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  1. Mehrgan's Avatar
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    #1

    The name for this kind of alley...

    Hi,

    I addresses there's an alleyway, or a street whose end is blocked with either a wall or a house...What's the name for such passes in BrE? I mean the term which is used by people or the one which is put before the name of the street or alley on the signs...MANY thanks in advance...

    (Could "IMPASS" be used?)

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    #2

    Re: The name for this kind of alley...

    cul-de-sac?

  2. #3

    Re: The name for this kind of alley...

    If it's in a residential area, I would call it a 'court'. That might just be AmE though.

    -Not a teacher.-

  3. emsr2d2's Avatar
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    #4

    Re: The name for this kind of alley...

    Quote Originally Posted by Mehrgan View Post
    Hi,

    I addresses there's an alleyway, or a street whose end is blocked with either a wall or a house...What's the name for such passes in BrE? I mean the term which is used by people or the one which is put before the name of the street or alley on the signs...MANY thanks in advance...

    (Could "IMPASS" be used?)
    In the UK, it's called a cul de sac. (The French is "impasse".) It's interesting that in the UK we use a French phrase for this type of road, yet the phrase "cul de sac" is not used in French. It literally means "bottom of the bag". My French friends were very surprised to learn the UK's use of the phrase!

  4. Raymott's Avatar
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    #5

    Re: The name for this kind of alley...

    Quote Originally Posted by Mehrgan View Post
    Hi,

    I addresses there's an alleyway, or a street whose end is blocked with either a wall or a house...What's the name for such passes in BrE? I mean the term which is used by people or the one which is put before the name of the street or alley on the signs...MANY thanks in advance...

    (Could "IMPASS" be used?)
    If it's really an alley (a narrow passage between buildings), and it really ends with a wall, rather than with another house, then "blind alley" is perhaps the term you want.

    This term is also used metaphorically:
    Definition of blind alley noun from Cambridge Dictionary Online: Free English Dictionary and Thesaurus

  5. Ouisch's Avatar
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    #6

    Re: The name for this kind of alley...

    In the US there is actually a long list of criteria that must be considered before such a street as you described is officially marked either "Dead End" or "No Outlet" or "Not a Through Street." If you were describing such a street to someone, however, you'd usually call it a "dead end" or a "cul-de-sac".

  6. bhaisahab's Avatar
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    #7

    Re: The name for this kind of alley...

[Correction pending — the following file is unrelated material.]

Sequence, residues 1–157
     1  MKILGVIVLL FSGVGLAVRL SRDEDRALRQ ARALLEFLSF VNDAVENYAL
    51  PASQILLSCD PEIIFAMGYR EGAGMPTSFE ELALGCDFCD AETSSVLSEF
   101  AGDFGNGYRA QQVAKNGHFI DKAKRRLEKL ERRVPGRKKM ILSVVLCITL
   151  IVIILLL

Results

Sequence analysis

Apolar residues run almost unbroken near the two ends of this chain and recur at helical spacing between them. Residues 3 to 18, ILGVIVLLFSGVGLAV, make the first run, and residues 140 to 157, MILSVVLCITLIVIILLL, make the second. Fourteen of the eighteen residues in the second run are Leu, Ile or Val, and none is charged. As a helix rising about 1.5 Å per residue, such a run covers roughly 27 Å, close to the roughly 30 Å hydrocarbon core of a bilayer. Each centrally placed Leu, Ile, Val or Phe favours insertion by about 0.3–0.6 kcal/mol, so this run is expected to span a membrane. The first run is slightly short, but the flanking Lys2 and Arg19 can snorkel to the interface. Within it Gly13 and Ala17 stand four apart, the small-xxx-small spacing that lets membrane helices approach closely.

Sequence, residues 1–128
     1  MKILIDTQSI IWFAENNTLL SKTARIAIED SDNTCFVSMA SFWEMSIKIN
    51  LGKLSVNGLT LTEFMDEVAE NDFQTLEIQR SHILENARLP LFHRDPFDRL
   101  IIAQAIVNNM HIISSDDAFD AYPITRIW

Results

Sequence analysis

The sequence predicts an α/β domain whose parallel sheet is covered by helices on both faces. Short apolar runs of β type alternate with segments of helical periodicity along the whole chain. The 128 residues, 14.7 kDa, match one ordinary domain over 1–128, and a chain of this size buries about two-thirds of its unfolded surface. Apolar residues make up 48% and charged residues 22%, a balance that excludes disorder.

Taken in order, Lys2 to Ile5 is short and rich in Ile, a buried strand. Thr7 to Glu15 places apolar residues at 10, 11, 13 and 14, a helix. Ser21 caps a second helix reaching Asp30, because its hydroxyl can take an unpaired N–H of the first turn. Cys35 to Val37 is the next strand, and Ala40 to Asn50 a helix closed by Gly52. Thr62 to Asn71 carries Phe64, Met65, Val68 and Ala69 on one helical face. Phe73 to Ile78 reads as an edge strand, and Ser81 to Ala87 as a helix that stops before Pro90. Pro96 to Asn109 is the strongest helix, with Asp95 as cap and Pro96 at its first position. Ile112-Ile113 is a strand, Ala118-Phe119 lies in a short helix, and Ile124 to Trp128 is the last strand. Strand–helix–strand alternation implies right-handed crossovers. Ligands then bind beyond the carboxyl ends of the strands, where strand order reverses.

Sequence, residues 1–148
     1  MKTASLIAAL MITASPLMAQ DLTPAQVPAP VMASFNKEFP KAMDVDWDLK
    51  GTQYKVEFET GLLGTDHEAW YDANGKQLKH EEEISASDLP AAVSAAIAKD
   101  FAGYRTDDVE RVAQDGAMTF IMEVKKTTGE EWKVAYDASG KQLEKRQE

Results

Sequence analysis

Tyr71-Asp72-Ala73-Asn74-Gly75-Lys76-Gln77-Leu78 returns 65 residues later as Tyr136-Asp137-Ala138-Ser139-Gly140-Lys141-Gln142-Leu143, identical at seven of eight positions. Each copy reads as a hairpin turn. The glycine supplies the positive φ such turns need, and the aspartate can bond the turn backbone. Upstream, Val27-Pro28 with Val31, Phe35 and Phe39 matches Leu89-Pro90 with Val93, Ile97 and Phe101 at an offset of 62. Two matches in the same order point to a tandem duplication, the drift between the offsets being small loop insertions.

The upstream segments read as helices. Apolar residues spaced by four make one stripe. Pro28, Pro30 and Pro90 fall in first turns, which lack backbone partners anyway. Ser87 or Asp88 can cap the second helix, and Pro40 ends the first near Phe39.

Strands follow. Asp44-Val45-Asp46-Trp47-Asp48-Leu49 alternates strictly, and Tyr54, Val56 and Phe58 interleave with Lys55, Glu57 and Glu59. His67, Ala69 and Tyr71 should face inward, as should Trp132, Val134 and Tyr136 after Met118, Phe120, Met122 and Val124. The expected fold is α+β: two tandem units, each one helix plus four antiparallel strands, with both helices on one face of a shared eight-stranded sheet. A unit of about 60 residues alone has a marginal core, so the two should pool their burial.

Quote Originally Posted by emsr2d2 View Post
    In the UK, it's called a cul de sac. (The French is "impasse".) It's interesting that in the UK we use a French phrase for this type of road, yet the phrase "cul de sac" is not used in French. It literally means "bottom of the bag". My French friends were very surprised to learn the UK's use of the phrase!
    If it's the official name of a street then : "Impasse du Château", for example, is correct in French, but when speaking in general it's "voie sans issue".

  7. Mehrgan's Avatar
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    #8

    Re: The name for this kind of alley...

    Quote Originally Posted by emsr2d2 View Post
    In the UK, it's called a cul de sac. (The French is "impasse".) It's interesting that in the UK we use a French phrase for this type of road, yet the phrase "cul de sac" is not used in French. It literally means "bottom of the bag". My French friends were very surprised to learn the UK's use of the phrase!


    Thanks to all dear posters...So, could we have, for example, "Cul de sac George" on a sign?

  8. emsr2d2's Avatar
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    #9

    Re: The name for this kind of alley...

    Quote Originally Posted by Mehrgan View Post
    Thanks to all dear posters...So, could we have, for example, "Cul de sac George" on a sign?
    Ah, no!!! It's not a type of "street name". It would say, for instance, "George Street/Road/Avenue etc" on the road sign, then there would be an information sign (just a picture) which tells you that the road is a cul de sac (or a dead end, or a "No Through Road")

  9. Mehrgan's Avatar
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    #10

    Re: The name for this kind of alley...

    ...and how about he word "close" in BrE? In Cambridge Dictionary this definition is given...
    UK a road, usually with private houses, which vehicles can only enter from one end
    He lives at 83 Barker Close.

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